Happy Memorial Day weekend, all! Hope you’re enjoying the respite. While you’re recovering, here are some stories from the past week in gaming, machine learning, and audio which may be interesting to hear about!
Over $10B spent in April in the gaming sector, with streaming doubling in size compared to this time last year. I’ve acknowledged before that online games aren’t quite there yet in terms of truly replacing in-person socialization, but I don’t think the numbers could be clearer that even with those limitations, gaming and streaming are already incredibly significant pieces of how we interact with each other, especially during these difficult times.
For an app with less than 5,000 beta users, the $100m valuation isn’t a small thing, and really speaks to the expectations of investors of the potential of this platform. Just one more data point for the importance of voice in the growing space of online social interaction, and I’ll be very excited to see how their service expands with the new capital!
Ubisoft minced no words in declaring that Area F2 was a copy of their popular game Rainbow Six Siege in every way. Since the developers of Area F2 (a company called Qooka, which is on a subsidiary chain that ultimately leads back to Alibaba) are based in China, Ubisoft seems to have decided it would be more effective to cut off their distribution through Apple and Google’s mobile stores than it would be to go after the game developer themselves. It’s currently unclear whether Ubisoft won this suit, or if the pressure was simply great enough that Qooka was forced to give in, but either way, Qooka recently posted an announcement that Area F2 would be going away for a while as they “work to deliver a better experience to players.” The gaming industry has a long history of taking inspiration from others in the space, but there’s also a general understanding that too close of a copy is unethical, justifying Ubisoft’s displeasure here. It will be interesting to see how the line between “inspired by” and “ripoff of” evolves as elements of game design become even more repeatable through better and better tooling.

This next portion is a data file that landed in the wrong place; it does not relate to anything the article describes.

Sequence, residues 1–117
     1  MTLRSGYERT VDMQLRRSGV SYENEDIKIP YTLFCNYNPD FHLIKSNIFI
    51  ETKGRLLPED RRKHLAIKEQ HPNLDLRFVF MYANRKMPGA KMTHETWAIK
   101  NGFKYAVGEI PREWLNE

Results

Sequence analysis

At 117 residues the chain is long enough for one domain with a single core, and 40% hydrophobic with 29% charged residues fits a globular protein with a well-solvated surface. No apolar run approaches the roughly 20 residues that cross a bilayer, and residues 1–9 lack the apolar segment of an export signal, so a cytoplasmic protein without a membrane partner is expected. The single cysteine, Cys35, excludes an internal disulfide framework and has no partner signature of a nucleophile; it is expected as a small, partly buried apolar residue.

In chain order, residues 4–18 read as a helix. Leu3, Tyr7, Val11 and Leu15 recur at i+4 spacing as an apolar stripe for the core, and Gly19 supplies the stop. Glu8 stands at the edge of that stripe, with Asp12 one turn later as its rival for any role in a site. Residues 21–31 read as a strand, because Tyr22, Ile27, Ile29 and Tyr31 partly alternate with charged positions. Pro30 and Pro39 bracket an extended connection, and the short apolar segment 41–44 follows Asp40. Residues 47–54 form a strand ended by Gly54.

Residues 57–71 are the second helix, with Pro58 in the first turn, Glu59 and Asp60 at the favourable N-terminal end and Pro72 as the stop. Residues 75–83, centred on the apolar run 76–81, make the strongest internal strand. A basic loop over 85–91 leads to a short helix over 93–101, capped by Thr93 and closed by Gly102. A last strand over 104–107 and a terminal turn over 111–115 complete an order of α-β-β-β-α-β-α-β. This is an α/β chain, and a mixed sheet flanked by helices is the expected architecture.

One of the things that makes deep learning research difficult is the long iteration times where your model is training before you can learn if your idea is any good. Any work to speed out that process will almost certainly produce outsized effects in the speed of ML research, which makes this a great thing to focus on. That said, we’re still a ways away from speeds that truly democratize this kind of work – Microsoft’s blog post references training test models on 1,024 Nvidia V100 GPUs (which cost a few thousand dollars each), so the average researcher or startup may not be able to make the most of these innovations just yet.
That’s all for this week! As always, please let me know if you find these posts useful (or not!), as any feedback is always welcome!